In the latest tale of a pop star being accused of stealing music, a copyright infringement lawsuit against Taylor Swift was tossed out in the most spectacular fashion by a Los Angeles judge this week.
U.S. District Court Judge Gail Standish made it known that she most certainly knows her way around Swift's songbook when she dismissed R&B singer Jesse Braham's $42-million suit, which alleged Swift's 2014 Grammy-nominated smash "Shake It Off" was lifted from his tune "Haters Gone Hate."
"At present, the Court is not saying that Braham can never, ever, ever get his case back in court," wrote Standish, a UCLA Law School graduate who was selected several times as one of California's top intellectual property litigators and top women litigators by the Los Angeles and San Francisco Daily Journals. In this case, Standish, who was appointed as a judge for the Central District of California in April 2015, seemed clearly inspired by Swift's knack for biting breakup tunes. She continued, "But, for now, we have got problems, and the Court is not sure Braham can solve them."
Standish then cut deeper, all the while staying in tune in with Swift: "As currently drafted, the Complaint has a blank space — one that requires Braham to do more than write his name," she wrote in a dismissal order that could merit its own Genius page for annotating its lyrical references. "And, upon consideration of the Court's explanation ... Braham may discover that mere pleading Band-Aids will not fix the bullet holes in his case. At least for the moment, Defendants have shaken off this lawsuit."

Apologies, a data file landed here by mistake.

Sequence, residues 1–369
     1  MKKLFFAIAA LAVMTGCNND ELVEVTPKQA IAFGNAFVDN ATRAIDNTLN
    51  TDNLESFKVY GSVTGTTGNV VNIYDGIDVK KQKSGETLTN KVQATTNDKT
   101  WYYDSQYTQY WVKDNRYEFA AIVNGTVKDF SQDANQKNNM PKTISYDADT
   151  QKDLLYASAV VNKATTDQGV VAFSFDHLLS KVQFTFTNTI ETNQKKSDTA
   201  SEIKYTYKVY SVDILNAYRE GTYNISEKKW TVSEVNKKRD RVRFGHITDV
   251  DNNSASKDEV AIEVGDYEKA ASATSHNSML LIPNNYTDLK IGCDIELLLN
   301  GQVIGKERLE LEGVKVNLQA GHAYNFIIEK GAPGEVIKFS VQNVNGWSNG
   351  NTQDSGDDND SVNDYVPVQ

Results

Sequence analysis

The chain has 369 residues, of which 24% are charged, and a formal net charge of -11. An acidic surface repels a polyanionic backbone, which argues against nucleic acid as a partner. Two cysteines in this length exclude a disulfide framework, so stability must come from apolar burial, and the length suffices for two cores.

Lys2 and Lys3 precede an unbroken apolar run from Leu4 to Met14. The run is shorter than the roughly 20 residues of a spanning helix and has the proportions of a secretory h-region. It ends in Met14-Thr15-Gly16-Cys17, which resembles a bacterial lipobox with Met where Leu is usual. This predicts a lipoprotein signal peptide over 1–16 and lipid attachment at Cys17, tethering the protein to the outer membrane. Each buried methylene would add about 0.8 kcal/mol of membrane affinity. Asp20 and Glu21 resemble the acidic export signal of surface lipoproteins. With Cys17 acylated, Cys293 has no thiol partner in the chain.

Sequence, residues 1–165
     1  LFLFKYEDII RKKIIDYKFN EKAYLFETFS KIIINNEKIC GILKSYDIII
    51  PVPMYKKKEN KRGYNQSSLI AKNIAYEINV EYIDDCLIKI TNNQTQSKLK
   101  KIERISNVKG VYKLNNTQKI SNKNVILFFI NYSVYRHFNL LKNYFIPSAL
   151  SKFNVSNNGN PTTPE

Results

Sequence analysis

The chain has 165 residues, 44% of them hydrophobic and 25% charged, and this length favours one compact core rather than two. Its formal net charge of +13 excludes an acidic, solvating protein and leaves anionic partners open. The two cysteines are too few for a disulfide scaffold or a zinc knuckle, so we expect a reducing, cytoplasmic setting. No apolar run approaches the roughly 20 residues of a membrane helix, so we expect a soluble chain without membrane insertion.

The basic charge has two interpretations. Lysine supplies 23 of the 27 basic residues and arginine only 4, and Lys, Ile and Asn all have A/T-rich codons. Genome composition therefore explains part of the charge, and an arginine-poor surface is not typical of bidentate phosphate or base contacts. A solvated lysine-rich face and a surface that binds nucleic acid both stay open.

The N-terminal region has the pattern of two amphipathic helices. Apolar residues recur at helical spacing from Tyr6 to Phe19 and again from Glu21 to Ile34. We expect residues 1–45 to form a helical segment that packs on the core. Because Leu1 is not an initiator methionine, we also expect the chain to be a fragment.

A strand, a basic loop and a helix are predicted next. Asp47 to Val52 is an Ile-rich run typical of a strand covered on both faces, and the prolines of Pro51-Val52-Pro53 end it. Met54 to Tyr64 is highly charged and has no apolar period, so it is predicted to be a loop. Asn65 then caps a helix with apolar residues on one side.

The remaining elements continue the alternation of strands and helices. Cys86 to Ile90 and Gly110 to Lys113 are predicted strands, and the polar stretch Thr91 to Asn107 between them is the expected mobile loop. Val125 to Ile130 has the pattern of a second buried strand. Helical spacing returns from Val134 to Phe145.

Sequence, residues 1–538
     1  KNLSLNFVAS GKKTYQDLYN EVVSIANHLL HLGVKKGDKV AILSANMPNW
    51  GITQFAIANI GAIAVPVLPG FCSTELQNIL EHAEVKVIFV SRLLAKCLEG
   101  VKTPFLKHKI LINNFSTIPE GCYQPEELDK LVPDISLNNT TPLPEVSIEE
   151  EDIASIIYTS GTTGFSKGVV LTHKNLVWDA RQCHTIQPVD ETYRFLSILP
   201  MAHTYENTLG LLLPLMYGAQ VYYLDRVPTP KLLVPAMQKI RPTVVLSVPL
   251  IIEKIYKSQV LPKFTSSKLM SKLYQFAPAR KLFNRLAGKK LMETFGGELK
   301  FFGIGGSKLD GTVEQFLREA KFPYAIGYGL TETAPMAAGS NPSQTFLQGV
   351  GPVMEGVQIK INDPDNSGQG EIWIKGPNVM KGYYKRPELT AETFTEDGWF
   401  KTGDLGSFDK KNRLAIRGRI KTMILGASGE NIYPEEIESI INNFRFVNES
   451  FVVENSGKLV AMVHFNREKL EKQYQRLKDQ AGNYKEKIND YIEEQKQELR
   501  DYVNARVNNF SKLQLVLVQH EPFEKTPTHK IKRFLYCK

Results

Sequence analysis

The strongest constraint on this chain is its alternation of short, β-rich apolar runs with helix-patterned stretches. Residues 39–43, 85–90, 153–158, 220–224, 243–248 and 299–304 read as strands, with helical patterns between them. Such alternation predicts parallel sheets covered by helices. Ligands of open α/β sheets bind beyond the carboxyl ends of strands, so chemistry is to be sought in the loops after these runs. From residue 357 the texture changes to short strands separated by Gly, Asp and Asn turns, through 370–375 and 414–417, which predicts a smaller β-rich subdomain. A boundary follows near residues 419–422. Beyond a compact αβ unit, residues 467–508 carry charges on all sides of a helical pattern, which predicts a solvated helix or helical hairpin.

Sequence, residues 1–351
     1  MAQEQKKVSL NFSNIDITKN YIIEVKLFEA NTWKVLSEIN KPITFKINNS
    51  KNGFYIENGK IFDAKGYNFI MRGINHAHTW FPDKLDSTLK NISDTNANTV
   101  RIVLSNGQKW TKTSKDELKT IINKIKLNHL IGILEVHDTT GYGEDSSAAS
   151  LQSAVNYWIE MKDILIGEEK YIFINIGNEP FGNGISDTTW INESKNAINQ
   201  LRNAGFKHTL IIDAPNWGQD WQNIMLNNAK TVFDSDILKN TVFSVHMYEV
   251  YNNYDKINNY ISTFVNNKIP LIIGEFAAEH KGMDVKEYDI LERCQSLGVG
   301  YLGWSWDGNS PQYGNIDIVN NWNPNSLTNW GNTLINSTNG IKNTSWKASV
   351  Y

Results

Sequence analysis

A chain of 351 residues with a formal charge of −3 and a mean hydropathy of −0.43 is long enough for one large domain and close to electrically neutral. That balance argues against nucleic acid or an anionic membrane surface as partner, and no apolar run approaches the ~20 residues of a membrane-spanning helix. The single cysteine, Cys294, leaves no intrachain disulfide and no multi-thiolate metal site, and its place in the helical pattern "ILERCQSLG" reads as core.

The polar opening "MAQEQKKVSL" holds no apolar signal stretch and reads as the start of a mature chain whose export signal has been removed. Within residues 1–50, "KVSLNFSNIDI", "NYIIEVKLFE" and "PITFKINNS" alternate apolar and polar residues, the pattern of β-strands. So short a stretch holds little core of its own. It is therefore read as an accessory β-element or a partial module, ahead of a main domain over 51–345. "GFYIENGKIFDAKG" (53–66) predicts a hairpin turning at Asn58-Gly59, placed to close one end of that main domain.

Last month Braham filed the suit against the singer, alleging her catchy, simplistic chorus — "Cause the players gonna play, play, play, play, play / And the haters gonna hate, hate, hate, hate, hate" — borrows closely from his own "Haters Gone Hate."
"If I didn't write the song 'Haters Gone Hate,' there wouldn't be a song called 'Shake It Off,'" he told the New York Daily News last month.
Before Braham filed suit, he said, he worked tirelessly to rectify his grievances with her team.
First he asked to be named as a writer on the Grammy-nominated track and when that was denied, he then asked if Swift would pose for a selfie because what better way to help your struggling career than having a photo with Swift on social media?
The court decided that the singer hadn't provided enough factual evidence that Swift had ripped off his song even though he claimed that 92% of Swift's hit came from his song.
"Cause the players gonna play, play, play, play, play. And the haters gonna hate, hate, hate, hate, hate … And the fakers gonna fake, fake, fake, fake, fake," Swift sings while Braham's hook is "Haters gone hate, playas gone play / Watch out for them fakers, they'll fake you everyday."
His case boiled down to the phrase "Hates gonna hate, players gonna play." According to Braham there was "no way" she came up with those lyrics without hearing his song and that Swift was trolling him by releasing the song.
Apparently the 50-year-old has lived unplugged from life considering we've been talking about players playing and haters hating for years. 3LW warned us back in 2000 that "them playas gon' play, [and] them haters gon' hate" in their hit (titled, you guessed it, "Playas Gon' Play").
Braham can file a new complaint — but if he's smart he'd use these last five seconds of fame by thinking of his next publicity stunt. Because those will never, ever, ever go out of style.